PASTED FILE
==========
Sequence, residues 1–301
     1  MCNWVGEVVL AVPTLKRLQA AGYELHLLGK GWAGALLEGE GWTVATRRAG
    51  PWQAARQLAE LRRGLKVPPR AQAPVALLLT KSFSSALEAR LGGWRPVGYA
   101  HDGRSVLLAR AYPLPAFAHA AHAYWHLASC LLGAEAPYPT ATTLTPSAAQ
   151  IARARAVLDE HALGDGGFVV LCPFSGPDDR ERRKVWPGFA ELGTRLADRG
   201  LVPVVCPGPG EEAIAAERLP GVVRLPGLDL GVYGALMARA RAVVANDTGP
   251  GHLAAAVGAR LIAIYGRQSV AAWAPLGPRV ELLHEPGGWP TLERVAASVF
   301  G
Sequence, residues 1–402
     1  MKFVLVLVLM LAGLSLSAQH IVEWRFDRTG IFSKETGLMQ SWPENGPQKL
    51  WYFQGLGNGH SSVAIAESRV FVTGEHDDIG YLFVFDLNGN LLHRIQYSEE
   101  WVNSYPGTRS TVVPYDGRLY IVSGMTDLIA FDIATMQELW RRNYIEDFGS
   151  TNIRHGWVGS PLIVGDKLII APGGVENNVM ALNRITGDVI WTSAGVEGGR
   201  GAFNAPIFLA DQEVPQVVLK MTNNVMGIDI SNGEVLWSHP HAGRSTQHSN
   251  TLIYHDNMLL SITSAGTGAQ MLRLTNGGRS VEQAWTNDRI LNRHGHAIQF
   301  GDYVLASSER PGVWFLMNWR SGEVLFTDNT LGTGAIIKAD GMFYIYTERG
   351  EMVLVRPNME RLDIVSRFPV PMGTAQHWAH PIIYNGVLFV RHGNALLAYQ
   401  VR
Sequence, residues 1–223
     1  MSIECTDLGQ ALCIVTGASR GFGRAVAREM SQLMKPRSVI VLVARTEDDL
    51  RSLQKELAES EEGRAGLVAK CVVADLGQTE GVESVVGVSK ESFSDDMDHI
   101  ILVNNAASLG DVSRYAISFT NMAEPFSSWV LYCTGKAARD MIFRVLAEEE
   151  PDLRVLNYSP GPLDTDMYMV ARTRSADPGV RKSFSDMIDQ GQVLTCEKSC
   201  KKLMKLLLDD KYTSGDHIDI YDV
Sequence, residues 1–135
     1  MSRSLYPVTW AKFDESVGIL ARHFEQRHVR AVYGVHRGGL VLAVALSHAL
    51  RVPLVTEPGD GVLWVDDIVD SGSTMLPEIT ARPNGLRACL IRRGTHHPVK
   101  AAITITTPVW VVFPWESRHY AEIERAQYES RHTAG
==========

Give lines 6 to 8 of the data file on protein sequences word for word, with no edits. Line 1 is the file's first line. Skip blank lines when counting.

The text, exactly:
   201  LVPVVCPGPG EEAIAAERLP GVVRLPGLDL GVYGALMARA RAVVANDTGP
   251  GHLAAAVGAR LIAIYGRQSV AAWAPLGPRV ELLHEPGGWP TLERVAASVF
   301  G